We'd like to welcome two guests to Terra Nova for this month of February: Andrew Jinman and Arno Lodder. We're looking forward to their posts and some interesting discussions. Biographical information & intros from both Andrew and Arno follow below the fold...
In 2005, my
master student Menno Briet told me about the well-known case of the Chinese
gamer who killed his friend for selling his virtual Sabre sword he borrowed him.
This case was of interest to me for the opportunities it entailed regarding Online
Dispute Resolution, a field much of my research is devoted to (e.g., CEDIRE - Centre for Electronic Dispute
Resolution). He was right, but soon I got fascinated by the legal aspects of
virtual worlds, and read many papers of in particular American scholars.
Many of the legal issues (fundamental rights, penal law, civil law, intellectual property law, international law, financial law) were explored by a group of Dutch scholars and practitioners in the first months of 2006 and included in the book Law and virtual worlds (in Dutch, http://pubs.cli.vu/pub273.php) in 2006 that was presented during the Spring meeting of the Dutch IT & Law association. With Martine Boonk I wrote some papers on law and MMORPGs, in particular on Intellectual property http://ssrn.com/abstract=1079970
I am not only interested in studying virtual worlds but also in using them, e.g. in teaching. Last year I (that is: Jimi Broome) did two law classes in Second Life, one with my Canadian colleague Michael Deturbide. I hope soon to start exploring virtual worlds as an environment to resolve disputes. For its combination of the electronic environment with physical characteristics I believe there are interesting opportunities, see Short Note on Virtual Law Classes: Second Life and Other Three Dimensional Visual Worlds Next Phase for Online Dispute Resolution? http://ssrn.com/abstract=1014845.
Currently I conduct with Jacob van Kokswijk http://www.kokswijk.nl research into the social and legal aspects of virtual worlds, that will be used in April 2008 form the parliament on virtual worlds.
In 2002 Andrew continued his interests in this genre and enrolled at Plymouth University to study digital art and technology, to expand and open his mind to conceptualism. Then, in 2004, he experienced the sensational game of World of Warcraft, giving himself a greater insight into the community and behaviour of on-line personas. Andrew didn't know it at the time, but these experiences were vital and would shape the rest of his studies from here on!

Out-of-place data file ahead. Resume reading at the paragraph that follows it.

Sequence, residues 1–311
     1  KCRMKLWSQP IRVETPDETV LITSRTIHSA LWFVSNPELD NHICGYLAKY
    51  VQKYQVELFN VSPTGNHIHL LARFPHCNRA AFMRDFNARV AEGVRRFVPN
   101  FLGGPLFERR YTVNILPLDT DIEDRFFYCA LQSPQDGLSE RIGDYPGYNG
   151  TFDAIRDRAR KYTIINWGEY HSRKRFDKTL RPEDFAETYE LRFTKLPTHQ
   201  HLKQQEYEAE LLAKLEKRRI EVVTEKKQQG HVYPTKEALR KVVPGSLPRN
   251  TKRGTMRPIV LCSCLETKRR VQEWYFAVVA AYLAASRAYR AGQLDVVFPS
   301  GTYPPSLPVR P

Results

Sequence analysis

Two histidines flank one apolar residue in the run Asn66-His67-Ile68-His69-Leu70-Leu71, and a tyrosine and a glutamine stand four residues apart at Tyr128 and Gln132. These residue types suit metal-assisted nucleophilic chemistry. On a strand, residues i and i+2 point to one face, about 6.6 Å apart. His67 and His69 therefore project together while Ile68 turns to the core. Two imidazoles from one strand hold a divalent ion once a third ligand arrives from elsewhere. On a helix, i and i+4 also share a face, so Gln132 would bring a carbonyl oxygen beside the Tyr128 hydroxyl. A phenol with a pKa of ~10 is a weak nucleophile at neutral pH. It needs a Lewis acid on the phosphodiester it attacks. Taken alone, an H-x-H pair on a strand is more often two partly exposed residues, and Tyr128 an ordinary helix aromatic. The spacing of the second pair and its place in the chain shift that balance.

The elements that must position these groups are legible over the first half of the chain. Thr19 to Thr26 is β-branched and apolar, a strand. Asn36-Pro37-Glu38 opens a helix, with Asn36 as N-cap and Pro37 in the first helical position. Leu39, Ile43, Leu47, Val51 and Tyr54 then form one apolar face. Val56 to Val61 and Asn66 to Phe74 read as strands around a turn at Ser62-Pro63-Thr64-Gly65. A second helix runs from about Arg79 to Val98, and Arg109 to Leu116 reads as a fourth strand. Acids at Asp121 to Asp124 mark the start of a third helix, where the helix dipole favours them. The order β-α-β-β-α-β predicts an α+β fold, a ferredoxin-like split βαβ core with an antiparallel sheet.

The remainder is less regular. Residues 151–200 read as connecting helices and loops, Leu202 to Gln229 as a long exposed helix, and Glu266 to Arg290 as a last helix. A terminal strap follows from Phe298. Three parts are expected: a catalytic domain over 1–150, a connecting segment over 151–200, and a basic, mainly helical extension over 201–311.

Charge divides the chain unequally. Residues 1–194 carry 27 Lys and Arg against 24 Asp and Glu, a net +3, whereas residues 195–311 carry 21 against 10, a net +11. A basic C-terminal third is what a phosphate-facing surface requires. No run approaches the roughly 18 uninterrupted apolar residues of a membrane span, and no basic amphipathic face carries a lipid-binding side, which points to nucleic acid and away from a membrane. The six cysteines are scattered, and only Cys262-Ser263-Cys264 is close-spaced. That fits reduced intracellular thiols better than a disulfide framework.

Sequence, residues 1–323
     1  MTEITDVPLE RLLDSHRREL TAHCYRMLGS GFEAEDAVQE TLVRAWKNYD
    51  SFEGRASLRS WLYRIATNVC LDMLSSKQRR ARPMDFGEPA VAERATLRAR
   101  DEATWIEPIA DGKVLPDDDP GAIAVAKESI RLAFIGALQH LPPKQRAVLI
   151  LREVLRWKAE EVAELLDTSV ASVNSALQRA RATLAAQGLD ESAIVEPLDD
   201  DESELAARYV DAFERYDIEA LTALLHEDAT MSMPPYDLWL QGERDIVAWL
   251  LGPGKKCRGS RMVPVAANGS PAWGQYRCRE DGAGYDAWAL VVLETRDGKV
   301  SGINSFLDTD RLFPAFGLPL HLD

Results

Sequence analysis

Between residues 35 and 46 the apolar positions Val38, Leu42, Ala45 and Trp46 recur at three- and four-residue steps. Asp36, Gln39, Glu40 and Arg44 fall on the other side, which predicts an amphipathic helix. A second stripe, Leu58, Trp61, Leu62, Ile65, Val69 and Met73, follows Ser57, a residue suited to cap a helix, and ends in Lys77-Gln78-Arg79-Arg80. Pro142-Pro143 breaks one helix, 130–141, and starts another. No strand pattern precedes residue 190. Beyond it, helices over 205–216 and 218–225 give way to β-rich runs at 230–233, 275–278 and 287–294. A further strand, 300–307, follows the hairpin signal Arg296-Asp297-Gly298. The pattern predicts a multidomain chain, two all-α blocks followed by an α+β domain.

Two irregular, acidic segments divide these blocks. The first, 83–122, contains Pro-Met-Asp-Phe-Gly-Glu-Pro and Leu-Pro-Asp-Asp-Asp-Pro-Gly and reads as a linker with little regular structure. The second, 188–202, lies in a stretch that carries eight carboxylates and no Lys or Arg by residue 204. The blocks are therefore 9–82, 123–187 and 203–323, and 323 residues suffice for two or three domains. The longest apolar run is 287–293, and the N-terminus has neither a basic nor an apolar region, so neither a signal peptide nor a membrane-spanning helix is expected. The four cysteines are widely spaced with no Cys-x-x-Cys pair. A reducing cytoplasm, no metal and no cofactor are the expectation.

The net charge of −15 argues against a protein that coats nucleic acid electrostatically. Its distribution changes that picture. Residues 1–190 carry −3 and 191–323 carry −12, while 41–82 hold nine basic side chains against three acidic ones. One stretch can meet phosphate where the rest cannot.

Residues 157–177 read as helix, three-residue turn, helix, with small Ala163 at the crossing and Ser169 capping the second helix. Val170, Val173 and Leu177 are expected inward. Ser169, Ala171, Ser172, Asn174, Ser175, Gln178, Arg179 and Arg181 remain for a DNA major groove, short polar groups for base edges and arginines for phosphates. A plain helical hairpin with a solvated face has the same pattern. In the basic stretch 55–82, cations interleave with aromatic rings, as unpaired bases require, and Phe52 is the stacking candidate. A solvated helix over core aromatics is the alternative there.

In 2006, his interest for immersive environments grew and as he began to further shape and broaden his areas of study. The pivotal experience of WoW allowed him to comprehend and question gaming dynamics and player motivations, as defined in his dissertation, which can be found at: http://www.contemporary-media.co.uk/
Following his research Andrew began the Extension Project - www.contemporary-media.co.uk/Extension - in collaboration with James Braman based at Towson University. The project was situated within Second Life, where students from both Towson and Plymouth Universities could run virtual lectures and seminars. The project consisted of a cross-virtual worlds advertising campaign, where WoW guilds and CSS clans were encouraged to lay down their arms and use other virtual worlds for discussion of tactics and raid planning.
He now works for where he has been leading the Media Zoo in Second Life collaborative project with the University of Leicester. He has written on the theme of the ‘virtual classroom’ for a number of journals and aims to continue to justify the importance of virtual worlds within the classroom.
Andrew now works for Twofour Learning. He has undertaken the technical and creative developments in the TwoFour/University of Leicester collaborative project, which has produced the Second Life Media Zoo. He has written on the theme of the ‘virtual classroom’ for a number of journals and aims to continue to justify the importance of virtual worlds within the classroom.